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Schizophr Bull. 2018 Feb 15;44(2):453-462. doi: 10.1093/schbul/sbx076.

The Validity and Sensitivity of PANSS-6 in the Clinical Antipsychotic Trials of Intervention Effectiveness (CATIE) Study.

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Department of Clinical Medicine, Aarhus University, Aarhus, Denmark.
Psychosis Research Unit, Aarhus University Hospital, Risskov, Denmark.
Department of Animal Science, Aarhus University, Tjele, Denmark.
Bioinformatics Research Centre (BiRC), Aarhus University, Aarhus, Denmark.
Psychiatric Research Unit, Psychiatric Centre North Zealand, Copenhagen University Hospital, Hillerød, Denmark.
Division of Psychiatry Research, The Zucker Hillside Hospital, Glen Oaks, NY.
Department of Psychiatry and Molecular Medicine, Hofstra Northwell School of Medicine, Hempstead, NY.
Department of Psychiatry and Behavioral Sciences, Albert Einstein College of Medicine, Bronx, NY.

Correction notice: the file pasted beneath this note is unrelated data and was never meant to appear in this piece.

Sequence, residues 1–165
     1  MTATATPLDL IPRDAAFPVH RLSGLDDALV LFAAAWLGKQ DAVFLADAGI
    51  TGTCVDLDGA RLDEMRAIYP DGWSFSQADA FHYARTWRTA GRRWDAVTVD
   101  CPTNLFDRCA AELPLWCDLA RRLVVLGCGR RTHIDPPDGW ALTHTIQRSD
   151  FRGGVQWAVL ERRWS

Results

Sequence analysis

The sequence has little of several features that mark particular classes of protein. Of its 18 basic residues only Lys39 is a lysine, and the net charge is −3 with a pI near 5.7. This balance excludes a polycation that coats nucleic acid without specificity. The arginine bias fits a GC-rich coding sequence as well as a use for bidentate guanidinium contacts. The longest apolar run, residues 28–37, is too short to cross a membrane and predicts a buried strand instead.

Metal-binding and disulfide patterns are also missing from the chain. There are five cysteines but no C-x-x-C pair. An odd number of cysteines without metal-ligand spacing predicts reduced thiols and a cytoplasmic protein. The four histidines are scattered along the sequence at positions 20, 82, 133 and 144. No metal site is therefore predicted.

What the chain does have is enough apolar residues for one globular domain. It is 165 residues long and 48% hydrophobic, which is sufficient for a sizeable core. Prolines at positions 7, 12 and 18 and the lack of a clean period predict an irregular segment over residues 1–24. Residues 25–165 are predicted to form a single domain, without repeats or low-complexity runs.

It was recently demonstrated in acutely exacerbated schizophrenia that a 6-item version (PANSS-6: P1 = delusions, P2 = conceptual disorganization, P3 = hallucinations, N1 = blunted affect, N4 = social withdrawal, N6 = lack of spontaneity/flow of conversation) of the 30-item Positive and Negative Syndrome Scale (PANSS-30) was scalable (all items provide unique information regarding syndrome severity) and able to separate the effect of antipsychotics from placebo. Here, we tested the validity and sensitivity of PANSS-6 in the Clinical Antipsychotic Trials of Intervention Effectiveness (CATIE) outpatient study. We examined (1) the scalability of PANSS-6 and PANSS-30; (2) the correlation between PANSS-6 and PANSS-30 total scores; (3) whether PANSS-6 could identify symptom remission (Andreasen criteria); and (4) the effect of the 5 antipsychotics studied in CATIE Phase-1, using PANSS-6 and PANSS-30 total scores as outcomes. We found that for the 577 subjects with complete PANSS ratings at baseline, month 1, 3, and 6, PANSS-6 was scalable, whereas PANSS-30 was not. In the 1432 subjects in the intention-to-treat (ITT) sample, PANSS-6 and PANSS-30 total scores were highly correlated (Spearman correlation coefficient = 0.86). Based on 5080 ITT ratings, PANSS-6 identified symptom remission with an accuracy of 0.99 (95% confidence interval = 0.99-0.99). In ITT analyses, PANSS-6 and PANSS-30 identified the same statistically significant differences in antipsychotic efficacy, ie, olanzapine was superior to risperidone (P-value PANSS-6 = 0.0003 and PANSS-30 = 0.0003) and ziprasidone (P-value PANSS-6 = 0.0018 and PANSS-30 = 0.0046). In conclusion, PANSS-6 is a brief schizophrenia rating scale that adequately measures severity, remission, and antipsychotic efficacy related to core positive and negative symptoms in clinical trials. Prospective studies of PANSS-6 in clinical practice are required.

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